Yankee Doodle Dandy


Yankee Doodle Dandy

The Life and Times of Tod Sloan

John Dizikes

225 pages


April 2004


$14.95 Add to Cart

About the Book

In the 1890s the world of racing was turned on its ear by a young American who rode horses as no professional jockey had ever ridden: Tod Sloan hitched up his stirrups and thrust his weight far forward. Traditionalists laughed at first and dismissed him as a novelty, but as he came to dominate racing on both sides of the Atlantic, his style of riding became widely imitated, and his famous “forward seat” remains universally practiced to this day. Sloan’s place in racing lore and popular culture was cemented in 1904 when George M. Cohan wrote and starred in Little Johnny Jones, a Broadway musical based on Sloan’s rise and fall in England.

John Dizikes’s portrait of Sloan (1874–1933) shows a small-town, hard-luck, midwestern boy who became an overnight sensation and an international celebrity in a world of breeders, bookmakers, gamblers, hustlers, bluebloods, and princes. As the King of Jockeys in the sport of kings, Sloan lived in high style, until he was banned from British racing and forced to eke out a living on the margins of the sport for thirty years.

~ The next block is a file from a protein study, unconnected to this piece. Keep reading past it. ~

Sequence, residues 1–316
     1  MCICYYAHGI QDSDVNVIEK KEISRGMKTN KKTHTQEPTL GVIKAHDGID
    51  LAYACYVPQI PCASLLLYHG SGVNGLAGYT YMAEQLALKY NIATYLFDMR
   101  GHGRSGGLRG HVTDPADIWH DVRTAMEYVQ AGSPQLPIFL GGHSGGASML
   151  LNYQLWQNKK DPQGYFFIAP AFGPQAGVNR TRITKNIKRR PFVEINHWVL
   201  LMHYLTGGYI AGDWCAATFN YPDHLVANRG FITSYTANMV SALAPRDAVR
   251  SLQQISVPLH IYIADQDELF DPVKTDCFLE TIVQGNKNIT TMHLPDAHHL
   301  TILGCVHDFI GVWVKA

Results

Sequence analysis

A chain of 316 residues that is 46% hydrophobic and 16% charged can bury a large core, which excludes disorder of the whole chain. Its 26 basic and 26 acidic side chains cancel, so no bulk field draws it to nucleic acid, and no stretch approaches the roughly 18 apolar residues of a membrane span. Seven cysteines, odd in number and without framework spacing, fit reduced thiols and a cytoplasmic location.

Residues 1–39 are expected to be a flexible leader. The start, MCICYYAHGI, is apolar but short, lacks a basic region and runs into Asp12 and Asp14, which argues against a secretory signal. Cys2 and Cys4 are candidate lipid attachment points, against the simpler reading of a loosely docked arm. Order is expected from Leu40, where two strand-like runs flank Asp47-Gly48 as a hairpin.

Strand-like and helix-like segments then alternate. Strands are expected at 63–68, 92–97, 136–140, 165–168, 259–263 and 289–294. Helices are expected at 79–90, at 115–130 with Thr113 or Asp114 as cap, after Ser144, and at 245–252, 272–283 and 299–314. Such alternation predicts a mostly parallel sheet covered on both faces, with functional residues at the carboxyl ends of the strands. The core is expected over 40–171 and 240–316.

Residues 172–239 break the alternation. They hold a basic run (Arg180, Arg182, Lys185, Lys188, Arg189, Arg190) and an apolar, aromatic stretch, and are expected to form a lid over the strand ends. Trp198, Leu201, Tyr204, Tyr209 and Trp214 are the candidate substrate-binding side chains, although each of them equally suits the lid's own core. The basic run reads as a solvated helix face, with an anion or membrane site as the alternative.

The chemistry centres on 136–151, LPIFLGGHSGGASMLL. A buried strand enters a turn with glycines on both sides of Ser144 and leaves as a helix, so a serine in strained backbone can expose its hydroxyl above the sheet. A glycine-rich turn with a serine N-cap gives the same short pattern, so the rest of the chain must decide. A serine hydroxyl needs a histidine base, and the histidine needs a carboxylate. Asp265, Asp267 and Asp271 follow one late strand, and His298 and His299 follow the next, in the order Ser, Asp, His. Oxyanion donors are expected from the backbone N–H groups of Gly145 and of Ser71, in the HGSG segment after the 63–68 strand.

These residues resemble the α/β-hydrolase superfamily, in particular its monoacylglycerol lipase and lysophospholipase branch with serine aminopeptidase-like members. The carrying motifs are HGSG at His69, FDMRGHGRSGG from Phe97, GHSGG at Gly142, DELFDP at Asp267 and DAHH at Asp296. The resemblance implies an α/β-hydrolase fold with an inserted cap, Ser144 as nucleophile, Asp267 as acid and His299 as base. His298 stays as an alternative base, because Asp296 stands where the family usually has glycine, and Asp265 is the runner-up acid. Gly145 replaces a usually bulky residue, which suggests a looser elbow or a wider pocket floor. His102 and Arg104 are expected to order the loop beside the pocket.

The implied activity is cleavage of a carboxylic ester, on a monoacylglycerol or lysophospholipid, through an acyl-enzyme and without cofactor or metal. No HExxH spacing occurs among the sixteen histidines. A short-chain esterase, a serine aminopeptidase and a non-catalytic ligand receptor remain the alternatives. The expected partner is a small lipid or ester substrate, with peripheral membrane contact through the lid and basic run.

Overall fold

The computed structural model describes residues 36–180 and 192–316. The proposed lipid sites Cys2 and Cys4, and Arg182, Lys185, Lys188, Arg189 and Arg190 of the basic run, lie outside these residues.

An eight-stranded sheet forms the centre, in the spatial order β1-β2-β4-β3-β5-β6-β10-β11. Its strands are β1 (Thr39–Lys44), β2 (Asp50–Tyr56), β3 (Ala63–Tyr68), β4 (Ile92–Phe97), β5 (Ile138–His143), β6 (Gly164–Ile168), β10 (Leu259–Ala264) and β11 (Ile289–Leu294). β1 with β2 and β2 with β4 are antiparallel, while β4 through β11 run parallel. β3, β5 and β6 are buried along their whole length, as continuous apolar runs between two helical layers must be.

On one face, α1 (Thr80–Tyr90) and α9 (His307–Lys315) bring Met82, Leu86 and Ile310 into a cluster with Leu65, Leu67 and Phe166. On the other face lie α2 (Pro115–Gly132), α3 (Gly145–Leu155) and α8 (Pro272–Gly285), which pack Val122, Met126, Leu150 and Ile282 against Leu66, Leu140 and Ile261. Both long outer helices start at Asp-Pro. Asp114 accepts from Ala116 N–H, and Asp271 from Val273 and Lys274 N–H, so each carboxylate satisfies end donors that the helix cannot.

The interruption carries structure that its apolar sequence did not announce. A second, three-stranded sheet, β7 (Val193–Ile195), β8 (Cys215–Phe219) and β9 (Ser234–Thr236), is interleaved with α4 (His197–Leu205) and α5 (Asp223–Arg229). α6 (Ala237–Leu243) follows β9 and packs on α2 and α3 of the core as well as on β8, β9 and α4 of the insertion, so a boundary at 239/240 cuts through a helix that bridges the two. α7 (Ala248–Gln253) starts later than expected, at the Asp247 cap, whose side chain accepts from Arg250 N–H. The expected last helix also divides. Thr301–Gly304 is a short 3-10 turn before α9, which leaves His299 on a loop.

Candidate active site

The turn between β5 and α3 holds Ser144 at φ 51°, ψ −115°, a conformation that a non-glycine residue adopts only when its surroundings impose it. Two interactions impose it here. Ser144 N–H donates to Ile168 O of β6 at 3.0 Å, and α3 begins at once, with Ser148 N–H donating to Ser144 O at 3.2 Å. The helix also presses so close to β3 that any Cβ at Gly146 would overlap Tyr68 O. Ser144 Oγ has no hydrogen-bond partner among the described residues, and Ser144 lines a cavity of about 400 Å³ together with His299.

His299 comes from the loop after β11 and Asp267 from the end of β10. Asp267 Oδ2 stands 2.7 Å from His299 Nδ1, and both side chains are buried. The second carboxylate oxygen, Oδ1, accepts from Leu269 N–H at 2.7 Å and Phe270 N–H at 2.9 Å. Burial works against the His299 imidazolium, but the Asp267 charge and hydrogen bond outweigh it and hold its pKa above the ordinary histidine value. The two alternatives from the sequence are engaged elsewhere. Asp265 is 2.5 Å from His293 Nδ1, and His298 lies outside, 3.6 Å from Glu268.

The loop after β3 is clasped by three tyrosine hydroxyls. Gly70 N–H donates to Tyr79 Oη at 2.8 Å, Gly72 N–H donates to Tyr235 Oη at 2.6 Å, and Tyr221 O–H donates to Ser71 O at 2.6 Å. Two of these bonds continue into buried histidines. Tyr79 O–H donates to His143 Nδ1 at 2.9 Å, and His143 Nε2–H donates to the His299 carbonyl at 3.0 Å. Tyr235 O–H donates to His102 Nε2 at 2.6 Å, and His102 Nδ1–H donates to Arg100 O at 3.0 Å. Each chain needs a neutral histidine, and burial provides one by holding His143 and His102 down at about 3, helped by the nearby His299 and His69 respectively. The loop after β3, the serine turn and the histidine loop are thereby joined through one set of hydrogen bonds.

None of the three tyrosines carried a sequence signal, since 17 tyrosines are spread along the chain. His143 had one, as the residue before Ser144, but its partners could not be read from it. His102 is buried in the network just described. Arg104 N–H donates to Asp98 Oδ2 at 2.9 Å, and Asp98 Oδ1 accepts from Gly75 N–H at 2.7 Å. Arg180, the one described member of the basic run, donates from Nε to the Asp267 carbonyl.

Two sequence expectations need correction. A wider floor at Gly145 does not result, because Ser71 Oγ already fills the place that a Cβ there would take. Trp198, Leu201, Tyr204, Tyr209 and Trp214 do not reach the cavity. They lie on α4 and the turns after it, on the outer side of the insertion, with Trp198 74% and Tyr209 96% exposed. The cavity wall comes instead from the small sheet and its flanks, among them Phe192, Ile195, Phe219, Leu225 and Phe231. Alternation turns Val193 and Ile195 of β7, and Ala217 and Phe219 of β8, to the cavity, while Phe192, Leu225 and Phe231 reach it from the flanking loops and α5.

Author Bio

Winner of a National Book Critics Circle Award for his Opera in America: A Cultural History, John Dizikes is an emeritus professor of American studies at the University of California, Santa Cruz.


“A beautifully crafted work, even-handed in its evaluation of a controversial figure, artfully set against the colorful Gay Nineties and richly spiced with tidbits of racing lore.”—Wall Street Journal

“Historical investigative reporting at its finest, . . . A story of gambling, sport, and scandal from the Wild West to Victorian England.”—Thoroughbred Times

“You will not forget Tod Sloan.”—New York Times Book Review